When Ford launched the defiantly big and boxy Flex as a 2009 model, the company claimed that it “dares to be different.” At a time when curves counted, the Flex was all straight edges. Having changed little, the three-row Flex is still one of the most distinctive crossover vehicles around. Sales have been slow, but buyers can expect comfort as well as practicality, augmented by surprisingly enjoyable driving characteristics.

Pricing and Equipment

Starting at $29,600 (plus destination charge) for an entry-level SE model, the Flex also is available in SEL and Limited trim. The standard 3.5-liter V6 engine makes 287 horsepower, while a 365-horsepower twin-turbo EcoBoost V6 is available in the Limited edition. Both engines mate with a six-speed automatic transmission. For 2016, a Sync 3 infotainment interface is used in upper trim levels.

Our test-drive report features the Flex SEL.

Standard Flex SEL equipment includes:

  • Rearview camera
  • Dual-zone automatic climate control
  • Heated power front seats
  • Keyless entry and pushbutton start
  • Sync 3 infotainment interface
  • Reverse sensors
  • Eighteen-inch wheels

SEL options include all-wheel drive, leather upholstery, blind-spot monitoring, adjustable pedals, DVD entertainment, and a trailer-tow package.

Performance Pros

Ford Flex
  • Response from the twin-turbo EcoBoost 3.5-liter V6, with its 365 horsepower, is simply stunning, while earning EPA fuel-economy estimates of only 15/21 mpg (city/highway).
  • Ride comfort scores high, as the Flex suspension absorbs most trouble spots. In addition, a Flex handles quite well, more like a smaller wagon than a crossover or SUV.
  • Quiet running and smooth engine response melds with barely noticeable automatic-transmission shifts. All-wheel drive is available, though only for the two upper trim levels.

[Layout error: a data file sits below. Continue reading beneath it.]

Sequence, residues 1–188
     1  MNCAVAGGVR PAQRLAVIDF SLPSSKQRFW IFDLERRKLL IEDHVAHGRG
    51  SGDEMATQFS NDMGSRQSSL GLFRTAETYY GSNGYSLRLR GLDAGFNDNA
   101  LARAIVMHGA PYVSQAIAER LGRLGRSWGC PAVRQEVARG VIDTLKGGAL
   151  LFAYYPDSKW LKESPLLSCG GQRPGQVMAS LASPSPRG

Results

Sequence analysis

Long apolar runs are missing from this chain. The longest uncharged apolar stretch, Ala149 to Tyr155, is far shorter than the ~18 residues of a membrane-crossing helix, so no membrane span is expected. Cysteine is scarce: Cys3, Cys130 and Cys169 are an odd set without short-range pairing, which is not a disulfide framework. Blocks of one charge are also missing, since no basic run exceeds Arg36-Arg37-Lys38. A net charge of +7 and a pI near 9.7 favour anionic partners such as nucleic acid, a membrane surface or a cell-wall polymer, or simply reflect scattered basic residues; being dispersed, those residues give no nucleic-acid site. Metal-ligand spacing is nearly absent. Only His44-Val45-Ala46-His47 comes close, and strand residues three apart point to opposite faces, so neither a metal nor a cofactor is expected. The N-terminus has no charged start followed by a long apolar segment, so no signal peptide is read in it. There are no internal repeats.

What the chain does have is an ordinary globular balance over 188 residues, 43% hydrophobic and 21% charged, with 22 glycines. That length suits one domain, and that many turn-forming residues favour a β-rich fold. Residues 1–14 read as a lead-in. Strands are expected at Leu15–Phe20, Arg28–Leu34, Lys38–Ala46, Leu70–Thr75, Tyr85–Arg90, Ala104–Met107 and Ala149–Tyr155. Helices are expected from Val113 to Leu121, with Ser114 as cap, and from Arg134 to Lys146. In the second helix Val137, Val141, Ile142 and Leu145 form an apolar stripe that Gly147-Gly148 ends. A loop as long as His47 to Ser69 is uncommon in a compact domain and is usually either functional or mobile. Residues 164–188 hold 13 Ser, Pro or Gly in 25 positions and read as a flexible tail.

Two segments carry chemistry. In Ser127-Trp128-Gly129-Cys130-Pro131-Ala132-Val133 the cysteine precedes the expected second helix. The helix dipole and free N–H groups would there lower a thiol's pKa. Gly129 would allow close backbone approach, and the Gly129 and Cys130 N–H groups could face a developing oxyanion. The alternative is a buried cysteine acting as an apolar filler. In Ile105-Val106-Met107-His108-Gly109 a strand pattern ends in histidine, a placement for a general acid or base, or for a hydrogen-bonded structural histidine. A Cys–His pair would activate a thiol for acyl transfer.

Performance Cons

  • Abundant dimensions inevitably affect maneuverability, including parking ease. Determining just where the wheels are takes a certain amount of guesswork.
  • Fuel economy leans toward the dismal side, regardless of engine.

Interior Pros

Ford Flex
  • Front headroom ranks as massive. Head space is also huge in row two, and seats actually feel more comfortable in the back than up front. Even the center rear position, though low-set, isn't bad.
  • The low cowl provides a fine view of the road ahead.
  • Not many vehicles exhibit such a practical and sensible interior layout, giving all six or seven occupants a sense of airness.

Interior Cons

  • Short driver’s seat bottoms aren’t exactly rarities nowadays, but the one in the Flex is shorter than most—odd, isn’t it, for such a large vehicle?
  • Instruments are surprisingly small. So is the central video screen, for that matter.
  • Lax seat bolstering could almost allow a passenger to slide past the barrier, if a leather-upholstered Flex were driven over-aggressively through curves or corners.
  • Upper trim levels have switched to the contemporary Sync 3 infotainment interface, but the oft-criticized MyFord Touch (now called MyFord) still goes into the SE dashboard.

The Most Pleasant Surprise

Space. That’s right: just plain, simple interior space, whether used mainly for passengers or luggage. On that score alone, a Flex is hard to beat.

The Least Pleasant Surprise

Being big and boxy has its drawbacks, especially when you’re trying to park in a normal-size space. May as well expect to be a frequent customers at the local gas station, too. Even if you select the base engine and front-drive, the EPA estimate is a mere 16 mpg in city driving and 23 mpg on the highway.

The Bottom Line

Because the standard 287-horsepower Flex engine responds with surprising strength, paying a hefty premium for a Limited with the twin-turbo V6 is utterly unnecessary. Best choice is the midlevel SEL, which can be fitted with all-wheel drive—invariably a wise choice for owners in the snowbelt.